Portal Review: Part One
PoRtaL, the first Croatian larp convention is done. It was an end of the really amazing and exhausting weekend. First of all, I have to say that this was the convention where I did and attended most program ever in my convention experience. Having only one thing at the time (with a few exceptions) that most of the people went to was probably part of the reason why. There’s a lot of content to write, so I’ll split this review into three parts, each covering a day of the convention…
Preparing the convention and all the stuff for it with the other organizers was a wild ride – and an invaluable experience. The programming was done with some things in mind – Saturday and Sunday had workshops from 11-13, then it was time for the lunch break, then for the discussions and panels, and then in the evening it was time for larps. Friday and Saturday were planned to have more internationally significant program, while Sunday was of more local significance. English was the main working language on the convention, and it was used everywhere except where only Croats and Serbs were present.
The convention ended with a bang – but it started quite symbolically. It was Amtgard that brought the first (and for a long time, only) taste of larping to Croatia. The convention started with Ivo Turk’s presentation of Amtgard in Croatia. It was quite comprehensively done. Lots of slides, simple white on black, which had a lot of info listed (and said) and managed to cover the historical aspect of different Amtgard chapters, the current state of things, and announced the future events for this year.
I held the next presentation – about my Terra Nova fantasy larp series (available here – in English). This was my fourth presentation about the subject, and I noticed that I’m getting more confident about it every time. I got a lot of positive feedback on the presentation (and I’m definitely switching background next time).
Then it was time for a block of two Hungarian presentations. These were done without slides, and were quite connected. The first was about larping in Hungary, and it was presented by all our guests from Hungary (Sandor, Tamas, Agnes and Donat). Several different scenes were presented to the best of the presentators’ knowledge. To my knowledge, we lack most of those scenes in Croatia (including airsoft larps apart from Fallout, World of Darkness larps which seem to have been dead for years, and fantasy camps for children). They had the most detailed knowledge about fantasy larps – they even made a huge and detailed chart representing the development of Hungarian larps (with links including storyline connections and organizer connections, size on chart defining its population etc). Very detailed piece of work. Check it out below:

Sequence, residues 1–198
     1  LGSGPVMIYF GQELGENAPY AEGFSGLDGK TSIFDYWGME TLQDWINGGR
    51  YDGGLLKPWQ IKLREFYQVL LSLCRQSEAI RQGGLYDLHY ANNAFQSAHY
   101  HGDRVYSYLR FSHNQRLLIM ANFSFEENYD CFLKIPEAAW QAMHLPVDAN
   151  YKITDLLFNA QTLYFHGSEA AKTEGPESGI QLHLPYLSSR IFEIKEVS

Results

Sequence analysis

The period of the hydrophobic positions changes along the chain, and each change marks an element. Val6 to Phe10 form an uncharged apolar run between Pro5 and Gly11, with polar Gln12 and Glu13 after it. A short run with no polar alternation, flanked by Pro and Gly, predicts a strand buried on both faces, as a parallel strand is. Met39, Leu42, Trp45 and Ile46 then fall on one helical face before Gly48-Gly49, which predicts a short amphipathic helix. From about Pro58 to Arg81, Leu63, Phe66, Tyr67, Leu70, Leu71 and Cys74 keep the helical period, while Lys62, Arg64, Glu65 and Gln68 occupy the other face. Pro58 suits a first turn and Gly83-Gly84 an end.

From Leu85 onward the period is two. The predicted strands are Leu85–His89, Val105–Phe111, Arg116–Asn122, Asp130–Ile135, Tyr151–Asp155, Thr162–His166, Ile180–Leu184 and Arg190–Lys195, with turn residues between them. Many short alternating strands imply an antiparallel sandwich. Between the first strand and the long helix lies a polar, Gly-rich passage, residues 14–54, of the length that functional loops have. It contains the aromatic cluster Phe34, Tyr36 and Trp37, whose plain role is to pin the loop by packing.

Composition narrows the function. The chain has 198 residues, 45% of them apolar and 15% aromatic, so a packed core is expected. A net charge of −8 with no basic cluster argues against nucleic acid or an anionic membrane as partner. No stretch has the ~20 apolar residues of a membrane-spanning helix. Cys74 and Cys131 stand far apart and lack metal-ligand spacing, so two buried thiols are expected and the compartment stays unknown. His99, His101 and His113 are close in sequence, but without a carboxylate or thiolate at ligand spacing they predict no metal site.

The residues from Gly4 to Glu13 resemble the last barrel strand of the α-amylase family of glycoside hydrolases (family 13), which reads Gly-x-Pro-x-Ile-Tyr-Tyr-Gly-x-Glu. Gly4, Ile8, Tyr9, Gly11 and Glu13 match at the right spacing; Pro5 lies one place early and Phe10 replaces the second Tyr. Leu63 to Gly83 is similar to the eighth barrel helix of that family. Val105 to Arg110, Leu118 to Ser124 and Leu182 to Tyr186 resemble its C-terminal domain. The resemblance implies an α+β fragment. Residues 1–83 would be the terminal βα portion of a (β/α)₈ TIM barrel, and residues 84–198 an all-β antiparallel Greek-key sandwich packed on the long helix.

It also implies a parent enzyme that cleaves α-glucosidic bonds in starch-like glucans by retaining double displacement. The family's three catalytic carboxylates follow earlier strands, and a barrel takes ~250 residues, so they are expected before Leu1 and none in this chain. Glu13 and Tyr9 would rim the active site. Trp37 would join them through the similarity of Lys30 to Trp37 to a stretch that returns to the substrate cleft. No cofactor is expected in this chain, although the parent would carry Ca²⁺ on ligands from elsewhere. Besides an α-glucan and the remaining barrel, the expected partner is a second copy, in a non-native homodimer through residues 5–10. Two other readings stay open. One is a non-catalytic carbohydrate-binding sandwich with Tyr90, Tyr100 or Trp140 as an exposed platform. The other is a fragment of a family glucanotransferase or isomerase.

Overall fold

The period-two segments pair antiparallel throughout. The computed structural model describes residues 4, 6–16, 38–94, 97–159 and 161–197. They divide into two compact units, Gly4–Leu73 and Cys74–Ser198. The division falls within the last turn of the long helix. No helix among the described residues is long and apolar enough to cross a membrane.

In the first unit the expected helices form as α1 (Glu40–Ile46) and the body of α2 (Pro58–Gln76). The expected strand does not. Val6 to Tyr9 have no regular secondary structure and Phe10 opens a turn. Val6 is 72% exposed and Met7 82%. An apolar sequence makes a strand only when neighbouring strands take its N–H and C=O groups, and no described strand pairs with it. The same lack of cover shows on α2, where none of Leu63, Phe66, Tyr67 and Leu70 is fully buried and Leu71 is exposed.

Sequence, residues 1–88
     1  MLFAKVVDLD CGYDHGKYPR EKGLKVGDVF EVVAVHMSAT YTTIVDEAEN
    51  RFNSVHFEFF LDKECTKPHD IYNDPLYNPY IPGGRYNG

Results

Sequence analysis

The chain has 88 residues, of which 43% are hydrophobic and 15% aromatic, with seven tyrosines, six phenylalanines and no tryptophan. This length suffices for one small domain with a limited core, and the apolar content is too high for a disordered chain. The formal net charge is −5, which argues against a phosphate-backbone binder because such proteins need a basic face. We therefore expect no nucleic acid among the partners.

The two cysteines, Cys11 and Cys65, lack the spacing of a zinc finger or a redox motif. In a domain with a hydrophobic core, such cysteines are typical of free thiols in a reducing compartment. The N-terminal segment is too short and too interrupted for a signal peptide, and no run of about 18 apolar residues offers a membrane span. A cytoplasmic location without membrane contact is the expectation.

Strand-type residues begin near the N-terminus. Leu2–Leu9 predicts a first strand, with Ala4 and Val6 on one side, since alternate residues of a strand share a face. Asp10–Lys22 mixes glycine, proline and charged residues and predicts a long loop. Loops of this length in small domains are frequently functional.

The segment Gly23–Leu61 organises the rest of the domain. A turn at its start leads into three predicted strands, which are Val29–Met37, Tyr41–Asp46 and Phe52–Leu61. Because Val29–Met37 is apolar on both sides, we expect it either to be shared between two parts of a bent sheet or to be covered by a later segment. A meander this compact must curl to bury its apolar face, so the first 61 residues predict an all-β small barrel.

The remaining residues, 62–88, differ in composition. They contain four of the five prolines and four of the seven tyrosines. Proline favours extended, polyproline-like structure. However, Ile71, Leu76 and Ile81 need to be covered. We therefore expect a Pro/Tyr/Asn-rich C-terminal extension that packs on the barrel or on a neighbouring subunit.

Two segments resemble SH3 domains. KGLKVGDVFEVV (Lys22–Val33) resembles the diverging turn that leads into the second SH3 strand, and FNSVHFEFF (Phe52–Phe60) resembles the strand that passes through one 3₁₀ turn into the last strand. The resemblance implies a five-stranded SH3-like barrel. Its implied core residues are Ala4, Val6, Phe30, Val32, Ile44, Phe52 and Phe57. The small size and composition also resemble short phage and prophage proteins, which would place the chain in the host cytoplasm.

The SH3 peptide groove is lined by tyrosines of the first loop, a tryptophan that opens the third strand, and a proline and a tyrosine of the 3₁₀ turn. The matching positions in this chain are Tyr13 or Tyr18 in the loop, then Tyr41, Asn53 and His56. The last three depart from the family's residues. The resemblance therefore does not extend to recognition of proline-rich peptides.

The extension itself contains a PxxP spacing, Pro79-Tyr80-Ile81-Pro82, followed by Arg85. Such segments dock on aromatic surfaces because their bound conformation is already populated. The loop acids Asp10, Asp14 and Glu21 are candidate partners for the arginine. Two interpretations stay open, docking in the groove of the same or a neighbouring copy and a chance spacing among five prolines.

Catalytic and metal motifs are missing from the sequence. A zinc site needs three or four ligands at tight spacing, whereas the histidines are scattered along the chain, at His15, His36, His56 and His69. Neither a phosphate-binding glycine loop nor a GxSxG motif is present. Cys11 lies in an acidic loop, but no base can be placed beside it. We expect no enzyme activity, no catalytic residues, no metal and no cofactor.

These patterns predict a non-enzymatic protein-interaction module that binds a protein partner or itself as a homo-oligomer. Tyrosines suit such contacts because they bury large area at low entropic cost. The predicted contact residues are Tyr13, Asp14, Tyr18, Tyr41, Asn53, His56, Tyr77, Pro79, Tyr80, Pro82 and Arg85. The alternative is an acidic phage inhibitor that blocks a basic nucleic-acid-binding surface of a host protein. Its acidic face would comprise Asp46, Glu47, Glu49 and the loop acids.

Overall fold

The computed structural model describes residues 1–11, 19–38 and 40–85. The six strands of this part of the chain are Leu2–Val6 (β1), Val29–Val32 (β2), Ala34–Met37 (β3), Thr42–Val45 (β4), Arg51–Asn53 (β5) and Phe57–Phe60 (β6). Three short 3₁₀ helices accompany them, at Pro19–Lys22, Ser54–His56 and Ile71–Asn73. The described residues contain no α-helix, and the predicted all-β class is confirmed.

It also connected to their next subject – generation larp theory, which deals with different larp design trends as they appeared over time. Basically, the first generation in this theory is railroaded, tightly controlled, with organizer/NPC led story etc. Third generation is sandbox, with character-oriented and run plot, running strongly. Second generation is somewhere in-between. It’s more detailed than that, but this is a short version (more detailed version available here). In the end, we got a really comprehensive overview of Hungarian larping scene – as comprehensive as it gets in about an hour and a half – how it came to be, and several historical larps.
Next on program was a discussion, moderated by Miroslav Wranka (or Siro, as he’s commonly known). NPCs on larps: What do we have, what do we need, what do we want? It was quite interesting to see – I knew about the differences about NPCing in standard Croatian model and a German model (as seen on Drachenfest and Mythodea – which I’m also running on Terra Nova), but it seems that NPC-ing also means and insinuates something quite different in Hungary and Bulgaria too. Hearing about those differences was quite interesting. Also, we talked about the absurdity of the name NPC – as it came from the tabletop and computer gaming lingo, it doesn’t accurately match the reality of larp. The conclusion from most of the parties involved in the discussion was that NPCs (in some form) were generally needed and desirable from the viewpoint of their larp design – but played in as unobtrusive way as possible.
The NPC discussion on PoRtaL
It was time for the first larp of the convention – and the first split on the convention. Aleksandar Gavrilović from the Starbase Cantina association ran his Horror Murder Mystery – which was quite well received by its players. At the same time, I held another presentation: The Mixing Desk of Larp (available here – in English). It sparked quite an interest – and it was in fact the public part of the Create a Larp workshop which came after. But we were late so we couldn’t get another room for that workshop, so instead we did a quick brainstorming session. The team (which was to be between two and six people, preferably inexperienced in larp design) consisted of four people – Marko Zadro, Ivana Delač, Vesna Kurilić and Brittany Rastsmith. They would design the mystery larp which ended the convention on Sunday evening.
After it, I went home to get some much needed sleep. The Hungarian larpers, which stayed with me, came along – and we were met by my wife, Jasminka. We opened a bottle of mead, and talked some more before finally going to bed. Tomorrow was going to be a long day, with a lot of program to attend and run…